To understand why political parties promote division and oppose each other seemingly for the sake of it, we need to dig deeper and appreciate the subterranean dynamics at play. Oppositionist politicians are being rewarded not so much for obstructing their opponents across the chamber, but for opposing the underlying economic system, while the system's champions are being punished for supporting it. Just ask Hillary Clinton, Malcolm Turnbull, the major French political parties and, now, Theresa May. To fix the system of oppositionist politics, we need to fix the broken economic system that lies beneath it.
Although Donald Trump is America's most unpopular president, only 2 per cent of those who voted for him now regret doing so. For the overwhelming majority of his supporters, a vote for Trump was a vote against the system.
And here, Australians are losing faith in a system that their forebears had supported. In Western democracies, an unwritten agreement was reached in the early post-war years: it was OK for the rich to get richer as long as the bottom and the middle got richer, too. That agreement has been broken. Thanks to a well-targeted social security system, inequality in Australia isn't as bad as in the US, but Australians at the bottom and in the middle are definitely feeling the squeeze.
At the same time, the top is flaunting its wealth.
From the 1960s to the late 1980s, CEO salaries were consistently 15-30 times average workers' pay in Western countries. In the US, they exploded in the 1990s, rocketing to 300 times the average. The situation in Australia is less extreme, but the behaviour of the big four banks in particular has prompted Labor's call for a royal commission and the government's decision to impose a bank levy, both of which have resonated strongly with the community.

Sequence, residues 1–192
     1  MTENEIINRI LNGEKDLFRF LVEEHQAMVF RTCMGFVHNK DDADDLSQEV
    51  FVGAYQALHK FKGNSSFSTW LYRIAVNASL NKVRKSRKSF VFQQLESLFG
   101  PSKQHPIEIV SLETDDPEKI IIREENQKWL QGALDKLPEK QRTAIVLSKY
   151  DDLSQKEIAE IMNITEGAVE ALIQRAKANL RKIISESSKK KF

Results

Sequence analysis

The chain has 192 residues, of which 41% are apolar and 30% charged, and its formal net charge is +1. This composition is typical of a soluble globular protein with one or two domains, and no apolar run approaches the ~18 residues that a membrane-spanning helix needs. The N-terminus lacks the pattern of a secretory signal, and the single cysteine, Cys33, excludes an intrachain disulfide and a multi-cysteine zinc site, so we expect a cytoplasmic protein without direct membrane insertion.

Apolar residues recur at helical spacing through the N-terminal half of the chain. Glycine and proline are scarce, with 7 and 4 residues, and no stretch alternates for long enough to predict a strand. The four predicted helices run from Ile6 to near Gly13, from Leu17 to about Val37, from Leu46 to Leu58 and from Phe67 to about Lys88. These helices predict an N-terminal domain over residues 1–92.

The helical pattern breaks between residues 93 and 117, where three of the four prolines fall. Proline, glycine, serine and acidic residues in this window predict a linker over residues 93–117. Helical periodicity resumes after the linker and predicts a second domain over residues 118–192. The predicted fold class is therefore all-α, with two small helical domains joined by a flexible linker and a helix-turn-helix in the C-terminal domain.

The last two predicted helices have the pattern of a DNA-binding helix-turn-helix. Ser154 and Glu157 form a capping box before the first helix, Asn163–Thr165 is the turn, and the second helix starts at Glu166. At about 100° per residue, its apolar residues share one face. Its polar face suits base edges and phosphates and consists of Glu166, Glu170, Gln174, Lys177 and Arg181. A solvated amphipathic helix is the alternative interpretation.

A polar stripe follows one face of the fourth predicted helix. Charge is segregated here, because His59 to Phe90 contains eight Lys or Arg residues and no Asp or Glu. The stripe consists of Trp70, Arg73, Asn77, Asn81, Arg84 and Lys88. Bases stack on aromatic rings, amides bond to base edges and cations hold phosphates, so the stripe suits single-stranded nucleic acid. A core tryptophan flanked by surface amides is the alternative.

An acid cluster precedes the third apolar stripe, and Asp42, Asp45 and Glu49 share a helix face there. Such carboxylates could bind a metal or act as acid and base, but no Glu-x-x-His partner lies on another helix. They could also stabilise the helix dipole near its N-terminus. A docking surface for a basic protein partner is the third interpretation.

The Turnbull government's disposition, however, has been to support an economic system that is failing to support the majority of working Australians. The casualisation of the workforce, under the Coalition banner of "workplace flexibility", has resulted in steadily rising underemployment throughout the 2000s. Although in work, the growing numbers of casuals and part-timers cannot secure the hours they need to make ends meet.
Yet, as workers struggle with stagnating wages, the Coalition has had no trouble finding a lazy $65 billion to give a tax cut to multinational corporations, many of which most Australians, rightly or wrongly, see as tax cheats. And while the government says it has no money to lift the Newstart allowance, it is open to providing a $1 billion subsidy to a global mining company for a new coal mine.
The brightest idea business lobbies have been able to come up with to deal with falling real wages is to cut Sunday rates for casuals and part timers in retail, hospitality and fast food and to seek to extend the treatment to hairdressers and other occupations. In these endeavours they have government support, on the pretext that the umpire's decision is always final.
The widening gulf between profits and wages has rightly been the subject of concern for the governor of the Reserve Bank and the secretary of the Treasury. The Coalition government should be worried, too. Instead, it has decided to confine tax relief to those earning more than $180,000 a year.
The last time workers' real wages were cut was when John Howard introduced WorkChoices, and that didn't end well for the Coalition. The Turnbull government will receive another popularity jolt when the phasing down of penalty rates begins on July 1.
Add to that the extravagances of politicians catching helicopters instead of taking a one-hour car trip and using taxpayer funds to inspect investment properties to bolster their bulging portfolios and it becomes totally understandable why voters are furious with the political establishment.
The pattern is unmistakeable: politicians who rage against the economic system do well while those who support it struggle. This won't change unless the system changes. And that will require co-operation, not conflict, between workers, employers, the underprivileged and politicians. As prime minister, Bob Hawke – a consensus seeker – told me he would never use divisive language. But divided we are these days. And until we clean up the economic system, oppositionism will continue to pay handsome political dividends.
Almost two years ago, a few of us were able to convene a National Reform Summit supported by The Australian Financial Review and KPMG and aimed at reaching consensus on a new economic and social reform agenda for Australia. That such a summit would be unthinkable today is testament to how far we have fallen in such a short time.